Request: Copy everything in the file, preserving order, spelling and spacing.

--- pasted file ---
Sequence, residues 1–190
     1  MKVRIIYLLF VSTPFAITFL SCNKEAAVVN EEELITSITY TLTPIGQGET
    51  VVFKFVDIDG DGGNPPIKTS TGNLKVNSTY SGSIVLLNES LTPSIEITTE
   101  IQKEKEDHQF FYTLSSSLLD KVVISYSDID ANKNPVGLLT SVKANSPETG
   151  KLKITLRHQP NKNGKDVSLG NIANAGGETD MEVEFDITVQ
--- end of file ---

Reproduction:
Sequence, residues 1–190
     1  MKVRIIYLLF VSTPFAITFL SCNKEAAVVN EEELITSITY TLTPIGQGET
    51  VVFKFVDIDG DGGNPPIKTS TGNLKVNSTY SGSIVLLNES LTPSIEITTE
   101  IQKEKEDHQF FYTLSSSLLD KVVISYSDID ANKNPVGLLT SVKANSPETG
   151  KLKITLRHQP NKNGKDVSLG NIANAGGETD MEVEFDITVQ